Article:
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Proximity Queries Between Convex Objects: An Interior Point Approach for Implicit Surfaces

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4 Author(s)
Chakraborty, N. ; Dept. of Comput. Sci., Rensselaer Polytech. Inst., Troy, NY ; Jufeng Peng ; Akella, S. ; Mitchell, J.E.

This paper presents a general method for exact distance computation between convex objects represented as intersections of implicit surfaces. Exact distance computation algorithms are particularly important for applications involving objects that make intermittent contact, such as in dynamic simulations and in haptic interactions. They can also be used in the narrow phase of hierarchical collision detection. In contrast to geometric approaches developed for polyhedral objects, we formulate the distance computation problem as a convex optimization problem. We use an interior point method to solve the optimization problem and demonstrate that, for general convex objects represented as implicit surfaces, interior point approaches are globally convergent, and fast in practice. Further, they provide polynomial-time guarantees for implicit surface objects when the implicit surfaces have self-concordant barrier functions. We use a primal-dual interior point algorithm that solves the Karush-Kuhn-Tucker (KKT) conditions obtained from the convex programming formulation. For the case of polyhedra and quadrics, we establish a theoretical time complexity of O(n1.5), where n is the number of constraints. We present implementation results for example implicit surface objects, including polyhedra, quadrics, and generalizations of quadrics such as superquadrics and hyperquadrics, as well as intersections of these surfaces. We demonstrate that in practice, the algorithm takes time linear in the number of constraints, and that distance computation rates of about 1 kHz can be achieved. We also extend the approach to proximity queries between deforming convex objects. Finally, we show that continuous collision detection for linearly translating objects can be performed by solving two related convex optimization problems. For polyhedra and quadrics, we establish that the computational complexity of this problem is also O(n1.5).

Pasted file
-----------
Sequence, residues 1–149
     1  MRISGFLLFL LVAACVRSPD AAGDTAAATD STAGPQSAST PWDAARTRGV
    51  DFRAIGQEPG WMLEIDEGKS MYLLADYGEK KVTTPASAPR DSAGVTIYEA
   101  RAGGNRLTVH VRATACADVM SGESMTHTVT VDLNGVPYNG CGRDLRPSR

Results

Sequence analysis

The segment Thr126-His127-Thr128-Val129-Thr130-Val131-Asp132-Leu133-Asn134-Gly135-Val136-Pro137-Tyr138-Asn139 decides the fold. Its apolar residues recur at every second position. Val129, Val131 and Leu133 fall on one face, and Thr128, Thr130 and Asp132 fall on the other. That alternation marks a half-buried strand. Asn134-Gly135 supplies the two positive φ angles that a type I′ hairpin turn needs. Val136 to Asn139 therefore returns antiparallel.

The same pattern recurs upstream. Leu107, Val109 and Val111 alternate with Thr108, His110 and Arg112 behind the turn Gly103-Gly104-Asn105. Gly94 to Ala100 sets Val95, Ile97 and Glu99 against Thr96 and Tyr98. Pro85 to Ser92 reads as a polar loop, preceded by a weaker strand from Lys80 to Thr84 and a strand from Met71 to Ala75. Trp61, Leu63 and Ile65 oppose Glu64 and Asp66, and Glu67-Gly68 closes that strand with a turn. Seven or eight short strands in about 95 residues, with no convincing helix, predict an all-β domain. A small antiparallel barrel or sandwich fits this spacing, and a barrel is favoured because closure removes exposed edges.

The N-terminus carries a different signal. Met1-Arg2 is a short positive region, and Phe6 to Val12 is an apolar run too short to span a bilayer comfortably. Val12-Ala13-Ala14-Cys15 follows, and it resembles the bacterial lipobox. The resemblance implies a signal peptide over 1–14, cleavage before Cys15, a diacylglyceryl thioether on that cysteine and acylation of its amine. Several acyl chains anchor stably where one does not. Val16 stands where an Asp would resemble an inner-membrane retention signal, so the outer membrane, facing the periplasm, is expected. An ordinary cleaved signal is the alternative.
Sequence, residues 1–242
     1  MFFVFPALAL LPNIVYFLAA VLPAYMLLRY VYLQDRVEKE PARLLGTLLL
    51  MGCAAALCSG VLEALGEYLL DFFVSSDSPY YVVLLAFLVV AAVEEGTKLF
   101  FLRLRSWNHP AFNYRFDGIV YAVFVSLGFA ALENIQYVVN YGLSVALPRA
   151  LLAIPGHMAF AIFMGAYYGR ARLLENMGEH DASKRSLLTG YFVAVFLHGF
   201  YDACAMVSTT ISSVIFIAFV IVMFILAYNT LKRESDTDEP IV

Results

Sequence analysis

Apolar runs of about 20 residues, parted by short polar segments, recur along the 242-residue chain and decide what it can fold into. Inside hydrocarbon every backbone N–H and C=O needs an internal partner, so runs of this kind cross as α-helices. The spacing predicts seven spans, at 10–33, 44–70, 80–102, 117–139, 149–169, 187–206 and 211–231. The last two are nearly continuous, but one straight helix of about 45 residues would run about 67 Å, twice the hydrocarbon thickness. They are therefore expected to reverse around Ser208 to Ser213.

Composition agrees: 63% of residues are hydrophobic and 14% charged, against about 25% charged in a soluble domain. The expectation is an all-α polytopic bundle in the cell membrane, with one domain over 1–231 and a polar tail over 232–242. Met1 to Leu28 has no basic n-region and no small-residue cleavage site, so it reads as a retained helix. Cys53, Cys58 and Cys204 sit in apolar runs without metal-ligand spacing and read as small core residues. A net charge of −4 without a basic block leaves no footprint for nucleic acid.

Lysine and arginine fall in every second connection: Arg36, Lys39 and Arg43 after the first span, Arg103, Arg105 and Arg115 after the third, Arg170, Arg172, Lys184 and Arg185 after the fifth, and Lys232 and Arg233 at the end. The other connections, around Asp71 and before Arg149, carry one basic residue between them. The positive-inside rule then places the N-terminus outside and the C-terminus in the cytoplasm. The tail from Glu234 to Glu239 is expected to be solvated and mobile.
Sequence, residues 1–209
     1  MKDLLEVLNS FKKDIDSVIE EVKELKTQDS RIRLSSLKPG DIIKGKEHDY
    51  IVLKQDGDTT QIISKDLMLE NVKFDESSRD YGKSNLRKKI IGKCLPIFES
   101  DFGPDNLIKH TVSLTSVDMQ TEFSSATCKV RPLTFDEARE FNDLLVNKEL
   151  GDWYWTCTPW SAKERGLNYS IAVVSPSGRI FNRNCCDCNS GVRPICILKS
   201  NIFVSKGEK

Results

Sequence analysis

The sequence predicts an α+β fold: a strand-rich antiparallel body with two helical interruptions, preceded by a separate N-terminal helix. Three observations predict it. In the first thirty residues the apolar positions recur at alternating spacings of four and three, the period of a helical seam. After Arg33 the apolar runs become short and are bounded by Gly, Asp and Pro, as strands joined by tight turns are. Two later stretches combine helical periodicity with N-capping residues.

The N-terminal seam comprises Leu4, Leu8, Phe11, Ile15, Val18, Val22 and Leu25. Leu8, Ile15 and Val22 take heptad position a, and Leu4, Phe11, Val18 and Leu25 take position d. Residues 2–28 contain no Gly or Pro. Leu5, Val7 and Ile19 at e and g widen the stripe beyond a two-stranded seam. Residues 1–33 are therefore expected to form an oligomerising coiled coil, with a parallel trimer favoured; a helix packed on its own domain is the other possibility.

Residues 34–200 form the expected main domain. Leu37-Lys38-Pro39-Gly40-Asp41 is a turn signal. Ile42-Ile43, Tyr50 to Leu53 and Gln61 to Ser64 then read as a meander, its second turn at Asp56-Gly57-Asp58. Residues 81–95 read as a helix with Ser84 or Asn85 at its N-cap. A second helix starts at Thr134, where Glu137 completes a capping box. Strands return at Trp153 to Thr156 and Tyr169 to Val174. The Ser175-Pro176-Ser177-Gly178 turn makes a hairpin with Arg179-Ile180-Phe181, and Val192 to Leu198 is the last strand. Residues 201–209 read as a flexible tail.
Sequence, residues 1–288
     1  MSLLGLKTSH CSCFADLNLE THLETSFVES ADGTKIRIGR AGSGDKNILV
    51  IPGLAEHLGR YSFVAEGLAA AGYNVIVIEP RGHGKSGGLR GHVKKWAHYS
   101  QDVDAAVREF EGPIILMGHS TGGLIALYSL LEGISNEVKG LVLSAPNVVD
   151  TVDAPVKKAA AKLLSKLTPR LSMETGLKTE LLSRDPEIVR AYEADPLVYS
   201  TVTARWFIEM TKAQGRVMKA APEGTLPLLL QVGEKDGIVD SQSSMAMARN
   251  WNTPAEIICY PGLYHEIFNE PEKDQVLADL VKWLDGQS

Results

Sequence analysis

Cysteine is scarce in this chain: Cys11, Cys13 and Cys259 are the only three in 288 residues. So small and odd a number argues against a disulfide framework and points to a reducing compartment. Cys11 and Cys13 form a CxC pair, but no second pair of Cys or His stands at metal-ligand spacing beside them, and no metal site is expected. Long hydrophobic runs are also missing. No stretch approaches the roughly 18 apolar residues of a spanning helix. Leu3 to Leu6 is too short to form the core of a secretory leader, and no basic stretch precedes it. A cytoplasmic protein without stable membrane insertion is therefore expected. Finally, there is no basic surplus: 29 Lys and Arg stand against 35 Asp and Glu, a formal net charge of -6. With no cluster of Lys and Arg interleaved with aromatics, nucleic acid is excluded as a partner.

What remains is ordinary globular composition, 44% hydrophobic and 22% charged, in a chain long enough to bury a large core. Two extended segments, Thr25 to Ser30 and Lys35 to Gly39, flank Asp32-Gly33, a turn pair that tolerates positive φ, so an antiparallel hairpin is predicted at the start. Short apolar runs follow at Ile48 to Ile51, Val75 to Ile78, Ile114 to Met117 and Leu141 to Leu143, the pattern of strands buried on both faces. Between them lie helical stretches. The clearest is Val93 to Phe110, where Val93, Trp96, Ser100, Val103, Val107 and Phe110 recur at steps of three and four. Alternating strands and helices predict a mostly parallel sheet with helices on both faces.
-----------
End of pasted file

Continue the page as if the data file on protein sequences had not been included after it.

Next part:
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Robotics, IEEE Transactions on  (Volume:24 ,  Issue: 1 )